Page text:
Higher Office: Here's Where Virginia's Gubernatorial Candidates Stand on Marijuana 

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Governor Terry McAuliffe got his vibe harshed after being photographed with Willie Nelson’s weed last year. So some of this year’s gubernatorial candidates aren’t taking any chances.

Attitudes toward the plant are shifting: A Virginia Commonwealth University poll last year suggested that 62 percent of Virginians strongly or somewhat agreed that recreational pot use should be legalized. And this year the governor’s race is more pro-weed than ever.

Here’s the most clarity Style could get on the various candidates’ positions -- a stoner’s guide to primary voting on June 13.

Corey Stewart (R) supports decriminalizing marijuana possession, “because criminalizing public health issues has robbed generations of Americans of hope for their futures and of their dignity,” Stewart spokesman Noel Fritsch says.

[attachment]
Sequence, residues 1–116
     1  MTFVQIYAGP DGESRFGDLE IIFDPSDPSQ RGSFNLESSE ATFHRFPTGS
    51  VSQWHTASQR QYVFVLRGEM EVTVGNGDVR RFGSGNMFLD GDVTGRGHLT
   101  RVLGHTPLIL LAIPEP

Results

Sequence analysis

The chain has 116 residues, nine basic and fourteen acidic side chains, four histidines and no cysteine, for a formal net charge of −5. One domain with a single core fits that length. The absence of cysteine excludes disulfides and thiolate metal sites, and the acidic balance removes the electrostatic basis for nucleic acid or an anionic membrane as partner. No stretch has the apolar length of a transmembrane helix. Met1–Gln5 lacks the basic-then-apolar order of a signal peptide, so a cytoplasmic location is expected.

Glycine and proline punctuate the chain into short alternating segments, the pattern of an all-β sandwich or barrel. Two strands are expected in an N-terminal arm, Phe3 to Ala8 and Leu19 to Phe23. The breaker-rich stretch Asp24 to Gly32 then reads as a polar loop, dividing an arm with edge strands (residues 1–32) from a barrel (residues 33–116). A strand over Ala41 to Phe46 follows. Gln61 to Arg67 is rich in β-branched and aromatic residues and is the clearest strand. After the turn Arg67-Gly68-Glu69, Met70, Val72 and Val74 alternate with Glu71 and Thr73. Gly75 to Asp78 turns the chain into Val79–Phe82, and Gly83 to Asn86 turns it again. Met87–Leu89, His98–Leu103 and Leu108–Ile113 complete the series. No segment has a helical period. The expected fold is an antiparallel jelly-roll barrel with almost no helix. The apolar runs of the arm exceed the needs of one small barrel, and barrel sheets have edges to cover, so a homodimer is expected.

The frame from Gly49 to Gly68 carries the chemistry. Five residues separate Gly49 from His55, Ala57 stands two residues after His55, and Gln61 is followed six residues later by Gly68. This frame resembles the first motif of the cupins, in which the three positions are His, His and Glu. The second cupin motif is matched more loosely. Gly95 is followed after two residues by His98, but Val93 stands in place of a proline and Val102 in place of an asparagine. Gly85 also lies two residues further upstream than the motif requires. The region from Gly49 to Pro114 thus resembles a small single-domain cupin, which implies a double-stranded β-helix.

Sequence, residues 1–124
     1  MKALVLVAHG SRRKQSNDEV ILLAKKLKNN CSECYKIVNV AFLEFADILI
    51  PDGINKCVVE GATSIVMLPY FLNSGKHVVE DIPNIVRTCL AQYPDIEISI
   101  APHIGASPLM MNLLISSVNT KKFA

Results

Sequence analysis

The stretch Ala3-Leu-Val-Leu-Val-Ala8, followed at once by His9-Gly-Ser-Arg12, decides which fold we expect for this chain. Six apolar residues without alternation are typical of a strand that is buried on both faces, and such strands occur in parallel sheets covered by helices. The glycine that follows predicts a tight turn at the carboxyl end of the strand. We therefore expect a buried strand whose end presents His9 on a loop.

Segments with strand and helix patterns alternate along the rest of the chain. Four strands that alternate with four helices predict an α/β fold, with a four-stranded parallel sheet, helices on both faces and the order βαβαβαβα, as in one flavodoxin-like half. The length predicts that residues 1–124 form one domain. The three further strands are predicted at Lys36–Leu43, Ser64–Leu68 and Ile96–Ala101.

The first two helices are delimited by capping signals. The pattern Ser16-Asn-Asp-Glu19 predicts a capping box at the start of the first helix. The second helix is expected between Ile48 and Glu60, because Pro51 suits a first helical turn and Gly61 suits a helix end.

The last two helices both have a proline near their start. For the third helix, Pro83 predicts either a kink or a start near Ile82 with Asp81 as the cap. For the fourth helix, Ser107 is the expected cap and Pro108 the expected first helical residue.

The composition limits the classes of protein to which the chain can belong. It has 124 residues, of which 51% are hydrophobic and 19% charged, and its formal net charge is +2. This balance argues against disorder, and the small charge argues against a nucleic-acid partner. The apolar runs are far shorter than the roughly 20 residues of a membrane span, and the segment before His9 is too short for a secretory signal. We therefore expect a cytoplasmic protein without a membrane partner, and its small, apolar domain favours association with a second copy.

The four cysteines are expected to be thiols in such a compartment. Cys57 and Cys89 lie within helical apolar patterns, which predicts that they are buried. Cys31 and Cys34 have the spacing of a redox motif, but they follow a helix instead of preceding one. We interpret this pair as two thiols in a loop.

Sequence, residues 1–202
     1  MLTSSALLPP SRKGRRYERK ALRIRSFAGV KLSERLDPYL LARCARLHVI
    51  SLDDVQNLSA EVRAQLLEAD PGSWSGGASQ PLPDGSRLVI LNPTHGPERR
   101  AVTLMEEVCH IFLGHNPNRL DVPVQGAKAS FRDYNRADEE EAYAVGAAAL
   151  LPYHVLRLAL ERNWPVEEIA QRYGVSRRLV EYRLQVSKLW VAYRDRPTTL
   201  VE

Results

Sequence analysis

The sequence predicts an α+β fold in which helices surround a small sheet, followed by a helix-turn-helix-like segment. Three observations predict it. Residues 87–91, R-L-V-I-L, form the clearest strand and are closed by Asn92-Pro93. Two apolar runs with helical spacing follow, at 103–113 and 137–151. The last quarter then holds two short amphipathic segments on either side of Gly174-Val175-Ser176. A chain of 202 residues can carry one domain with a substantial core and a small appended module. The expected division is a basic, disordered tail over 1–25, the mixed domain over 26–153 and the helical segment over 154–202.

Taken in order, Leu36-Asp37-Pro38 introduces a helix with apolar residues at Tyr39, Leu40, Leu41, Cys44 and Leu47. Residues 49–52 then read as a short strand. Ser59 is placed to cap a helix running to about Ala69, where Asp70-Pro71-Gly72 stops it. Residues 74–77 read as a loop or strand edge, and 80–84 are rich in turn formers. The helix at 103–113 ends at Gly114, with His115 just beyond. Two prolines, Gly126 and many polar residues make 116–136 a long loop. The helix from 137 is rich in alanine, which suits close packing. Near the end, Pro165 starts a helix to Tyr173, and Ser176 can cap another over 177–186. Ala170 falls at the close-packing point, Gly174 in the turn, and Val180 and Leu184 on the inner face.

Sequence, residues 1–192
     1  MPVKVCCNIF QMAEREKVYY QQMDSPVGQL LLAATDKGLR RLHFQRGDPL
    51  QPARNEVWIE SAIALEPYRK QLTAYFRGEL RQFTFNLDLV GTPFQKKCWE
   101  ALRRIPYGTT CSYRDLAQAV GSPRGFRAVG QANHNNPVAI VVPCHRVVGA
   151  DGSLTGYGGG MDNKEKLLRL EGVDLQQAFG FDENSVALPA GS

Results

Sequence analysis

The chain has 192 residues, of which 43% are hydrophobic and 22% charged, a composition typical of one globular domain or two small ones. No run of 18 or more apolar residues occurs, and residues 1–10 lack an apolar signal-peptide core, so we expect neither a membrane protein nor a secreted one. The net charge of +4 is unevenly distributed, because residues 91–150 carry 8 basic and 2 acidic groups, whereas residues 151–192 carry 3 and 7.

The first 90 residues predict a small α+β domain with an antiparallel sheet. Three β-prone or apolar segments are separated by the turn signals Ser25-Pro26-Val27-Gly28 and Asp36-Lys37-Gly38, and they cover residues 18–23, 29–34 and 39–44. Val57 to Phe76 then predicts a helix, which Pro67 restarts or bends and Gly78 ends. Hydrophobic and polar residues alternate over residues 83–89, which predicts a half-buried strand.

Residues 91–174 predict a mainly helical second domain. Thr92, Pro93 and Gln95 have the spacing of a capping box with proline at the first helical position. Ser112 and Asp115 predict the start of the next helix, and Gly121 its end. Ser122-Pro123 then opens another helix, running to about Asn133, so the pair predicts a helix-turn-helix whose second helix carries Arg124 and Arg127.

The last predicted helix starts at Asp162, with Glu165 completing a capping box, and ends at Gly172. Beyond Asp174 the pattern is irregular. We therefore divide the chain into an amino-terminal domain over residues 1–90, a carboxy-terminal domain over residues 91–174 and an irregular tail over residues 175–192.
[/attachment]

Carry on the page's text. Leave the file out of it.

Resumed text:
Ed Gillespie (R) is not in favor of decriminalization or legalization, but he does support “exploring reforms to make sure that penalties align appropriately to the offense committed,” says David Abrams of the campaign. “Ed is evaluating whether legalizing medicinal marijuana is right for Virginia and talking to people about it before deciding his policy.”

Frank Wagner (R) didn't return a request for clarity on his stance.

Ralph Northam (D), in a February article, writes that he wants to decriminalize marijuana, partly because of sentencing laws that disproportionately affect black people. And, “as a doctor, I’m becoming increasingly convinced by the data showing potential health benefits of marijuana, such as pain relief, drug-resistant epilepsy, and treatment for PTSD.”

Tom Perriello (D) also wants decriminalize “small amounts.” His team did not get back to Style about how much, but his spokesperson Ian Sams said Perriello “believes in medical marijuana, especially at a time when Big Pharma has helped promulgate the opioid crisis by over-prescribing addictive painkillers.”


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